The TOEFL (Test of English as a Foreign Language) listening test involves a 5-minute-long lecture on a variety of subjects and topics. In The Official Guide to the TOEFL Test, it states the aim of the listening section is to test whether you can get the important details right, not all the details right.

My question is: How do I discern important details from unimportant ones in the TOEFL listening test? To be more specific, What are the logic traits or language context of important details?

For example, whenever the professor refers to previous knowledge on a certain topic, details are not important, because the questions are usually involved with what the professor implies by mentioning previous knowledge, or the rhetorical meaning of it.

  • It does appear that the question is about a practical problem encountered while learning English, and thus on-topic at ELL. It's not on-topic at ELU. Nov 8 '14 at 9:26
  • Learning how to summarize and/or take notes should get you on the right track. Nov 8 '14 at 10:22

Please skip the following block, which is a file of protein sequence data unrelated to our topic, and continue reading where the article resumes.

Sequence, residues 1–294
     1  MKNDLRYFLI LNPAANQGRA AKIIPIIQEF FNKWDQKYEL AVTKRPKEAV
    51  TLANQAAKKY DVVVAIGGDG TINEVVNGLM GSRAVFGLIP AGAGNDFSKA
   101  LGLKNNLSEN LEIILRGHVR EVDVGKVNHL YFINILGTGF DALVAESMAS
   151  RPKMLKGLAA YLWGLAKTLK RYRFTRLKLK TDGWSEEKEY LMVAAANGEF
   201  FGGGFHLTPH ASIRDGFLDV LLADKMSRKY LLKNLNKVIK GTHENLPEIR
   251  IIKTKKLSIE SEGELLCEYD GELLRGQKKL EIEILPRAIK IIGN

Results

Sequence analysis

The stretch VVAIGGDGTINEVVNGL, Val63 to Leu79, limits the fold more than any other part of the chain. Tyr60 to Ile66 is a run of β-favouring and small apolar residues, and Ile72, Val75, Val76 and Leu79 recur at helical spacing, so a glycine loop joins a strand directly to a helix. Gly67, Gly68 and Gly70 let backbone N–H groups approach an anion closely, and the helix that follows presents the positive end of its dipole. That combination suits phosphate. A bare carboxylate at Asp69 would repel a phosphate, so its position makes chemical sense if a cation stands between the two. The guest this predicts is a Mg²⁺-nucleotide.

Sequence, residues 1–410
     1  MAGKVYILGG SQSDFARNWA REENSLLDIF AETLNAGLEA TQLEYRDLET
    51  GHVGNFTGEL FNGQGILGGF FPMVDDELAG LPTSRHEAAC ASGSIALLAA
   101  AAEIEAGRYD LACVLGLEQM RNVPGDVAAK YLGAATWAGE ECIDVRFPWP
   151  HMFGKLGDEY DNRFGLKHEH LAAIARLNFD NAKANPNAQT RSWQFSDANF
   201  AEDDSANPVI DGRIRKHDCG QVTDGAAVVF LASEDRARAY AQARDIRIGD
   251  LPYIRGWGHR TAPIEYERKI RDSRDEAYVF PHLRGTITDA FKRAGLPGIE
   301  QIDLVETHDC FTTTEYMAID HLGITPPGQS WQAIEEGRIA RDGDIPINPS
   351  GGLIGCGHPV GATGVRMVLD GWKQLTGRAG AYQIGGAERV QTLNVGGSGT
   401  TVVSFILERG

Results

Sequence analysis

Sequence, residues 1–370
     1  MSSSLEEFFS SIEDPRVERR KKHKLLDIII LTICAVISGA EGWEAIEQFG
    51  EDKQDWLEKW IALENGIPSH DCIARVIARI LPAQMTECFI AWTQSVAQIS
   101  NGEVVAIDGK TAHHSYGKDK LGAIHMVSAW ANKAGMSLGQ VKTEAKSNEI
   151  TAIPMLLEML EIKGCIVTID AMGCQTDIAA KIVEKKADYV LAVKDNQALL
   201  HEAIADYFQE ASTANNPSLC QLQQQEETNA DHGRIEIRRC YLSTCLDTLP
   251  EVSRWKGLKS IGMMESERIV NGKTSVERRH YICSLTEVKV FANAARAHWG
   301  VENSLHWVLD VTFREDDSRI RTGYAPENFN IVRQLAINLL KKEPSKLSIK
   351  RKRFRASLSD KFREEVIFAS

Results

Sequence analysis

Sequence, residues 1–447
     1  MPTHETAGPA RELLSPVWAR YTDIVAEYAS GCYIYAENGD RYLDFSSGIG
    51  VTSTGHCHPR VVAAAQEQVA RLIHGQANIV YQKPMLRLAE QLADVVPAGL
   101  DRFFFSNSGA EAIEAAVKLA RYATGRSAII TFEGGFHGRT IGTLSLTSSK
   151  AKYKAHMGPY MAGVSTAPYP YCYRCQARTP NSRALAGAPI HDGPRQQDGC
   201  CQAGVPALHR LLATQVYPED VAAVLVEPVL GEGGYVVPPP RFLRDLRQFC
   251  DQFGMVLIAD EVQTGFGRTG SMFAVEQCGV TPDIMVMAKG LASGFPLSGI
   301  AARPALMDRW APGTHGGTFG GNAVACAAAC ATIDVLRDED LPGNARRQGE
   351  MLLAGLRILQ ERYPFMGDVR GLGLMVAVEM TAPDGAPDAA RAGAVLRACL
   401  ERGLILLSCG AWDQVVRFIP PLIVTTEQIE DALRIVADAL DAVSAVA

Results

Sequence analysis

• Listen for differences in intonation. Teachers (anyone explaining something) will usually place some kind of tonal emphasis on facts they consider important or salient. Nov 8 '14 at 11:13

I think that practice is the best way to get comfortable with the test. The ETS has some free test preparation tools available (scroll to the bottom of the page).

As far as being able to detect important details, I think that you would use the same skills that you would use to take notes on a lecture in your native language (although it will be understandably more difficult in English). In general, there are some clues to what may be important in a lecture:

  • Repeated ideas
  • Emphasis by tone or by the amount of time spent on an idea
  • Word signals like:
    first, second, finally that imply a list
    conclusion, reason for, as a result that imply cause and effect
    on the other hand, similar, different that imply a comparison or contrast

A good source of lectures to practice listening to might be TED talks by native American or British English speakers because they are usually high quality lectures, they are a reasonable length, they cover a diverse range of topics so that you may be able to find something that is interesting to you, and they include transcripts. You may want to avoid looking at the videos as you are listening so that you will not be biased by visual cues.

Your Answer

By clicking “Post Your Answer”, you agree to our terms of service, privacy policy and cookie policy